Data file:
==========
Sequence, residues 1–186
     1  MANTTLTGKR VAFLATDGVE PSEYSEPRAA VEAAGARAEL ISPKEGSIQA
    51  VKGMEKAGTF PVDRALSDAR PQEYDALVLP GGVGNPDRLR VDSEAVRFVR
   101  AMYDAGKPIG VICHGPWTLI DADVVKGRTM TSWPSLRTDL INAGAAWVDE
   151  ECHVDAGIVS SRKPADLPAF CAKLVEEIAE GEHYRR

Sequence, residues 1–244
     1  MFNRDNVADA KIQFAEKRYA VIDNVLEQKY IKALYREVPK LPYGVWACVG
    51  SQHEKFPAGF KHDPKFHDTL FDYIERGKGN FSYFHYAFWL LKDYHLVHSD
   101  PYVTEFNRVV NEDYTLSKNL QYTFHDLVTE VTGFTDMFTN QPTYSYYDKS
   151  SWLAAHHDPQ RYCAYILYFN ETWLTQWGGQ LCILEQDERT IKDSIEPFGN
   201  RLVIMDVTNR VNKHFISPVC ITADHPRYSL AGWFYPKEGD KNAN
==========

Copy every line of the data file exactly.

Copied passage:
Sequence, residues 1–186
     1  MANTTLTGKR VAFLATDGVE PSEYSEPRAA VEAAGARAEL ISPKEGSIQA
    51  VKGMEKAGTF PVDRALSDAR PQEYDALVLP GGVGNPDRLR VDSEAVRFVR
   101  AMYDAGKPIG VICHGPWTLI DADVVKGRTM TSWPSLRTDL INAGAAWVDE
   151  ECHVDAGIVS SRKPADLPAF CAKLVEEIAE GEHYRR

Sequence, residues 1–244
     1  MFNRDNVADA KIQFAEKRYA VIDNVLEQKY IKALYREVPK LPYGVWACVG
    51  SQHEKFPAGF KHDPKFHDTL FDYIERGKGN FSYFHYAFWL LKDYHLVHSD
   101  PYVTEFNRVV NEDYTLSKNL QYTFHDLVTE VTGFTDMFTN QPTYSYYDKS
   151  SWLAAHHDPQ RYCAYILYFN ETWLTQWGGQ LCILEQDERT IKDSIEPFGN
   201  RLVIMDVTNR VNKHFISPVC ITADHPRYSL AGWFYPKEGD KNAN